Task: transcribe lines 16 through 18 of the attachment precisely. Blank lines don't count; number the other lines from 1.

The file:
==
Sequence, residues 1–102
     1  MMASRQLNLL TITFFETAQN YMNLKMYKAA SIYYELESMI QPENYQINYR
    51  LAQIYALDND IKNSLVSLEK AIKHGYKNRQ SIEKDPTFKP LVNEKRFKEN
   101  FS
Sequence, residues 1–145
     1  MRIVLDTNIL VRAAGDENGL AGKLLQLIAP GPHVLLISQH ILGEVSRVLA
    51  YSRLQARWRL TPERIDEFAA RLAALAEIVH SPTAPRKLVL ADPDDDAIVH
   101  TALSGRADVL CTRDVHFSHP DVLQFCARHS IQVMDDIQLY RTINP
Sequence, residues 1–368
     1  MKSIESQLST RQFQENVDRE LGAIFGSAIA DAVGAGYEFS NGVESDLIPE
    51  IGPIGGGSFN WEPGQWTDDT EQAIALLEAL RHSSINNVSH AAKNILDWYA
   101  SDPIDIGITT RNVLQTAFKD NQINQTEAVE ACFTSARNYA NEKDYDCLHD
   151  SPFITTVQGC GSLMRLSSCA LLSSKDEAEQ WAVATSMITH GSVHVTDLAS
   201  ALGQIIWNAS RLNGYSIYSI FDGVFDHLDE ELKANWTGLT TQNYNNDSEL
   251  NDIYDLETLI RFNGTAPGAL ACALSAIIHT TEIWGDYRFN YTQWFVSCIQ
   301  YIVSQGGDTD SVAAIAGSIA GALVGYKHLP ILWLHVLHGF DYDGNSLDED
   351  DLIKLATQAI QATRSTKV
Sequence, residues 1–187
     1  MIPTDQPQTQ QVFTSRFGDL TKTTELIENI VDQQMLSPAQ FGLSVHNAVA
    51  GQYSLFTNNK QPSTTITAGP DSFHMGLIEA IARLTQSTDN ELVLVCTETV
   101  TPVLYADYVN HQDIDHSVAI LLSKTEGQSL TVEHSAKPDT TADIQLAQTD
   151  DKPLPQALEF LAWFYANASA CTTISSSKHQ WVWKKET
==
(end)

   301  YIVSQGGDTD SVAAIAGSIA GALVGYKHLP ILWLHVLHGF DYDGNSLDED
   351  DLIKLATQAI QATRSTKV
Sequence, residues 1–187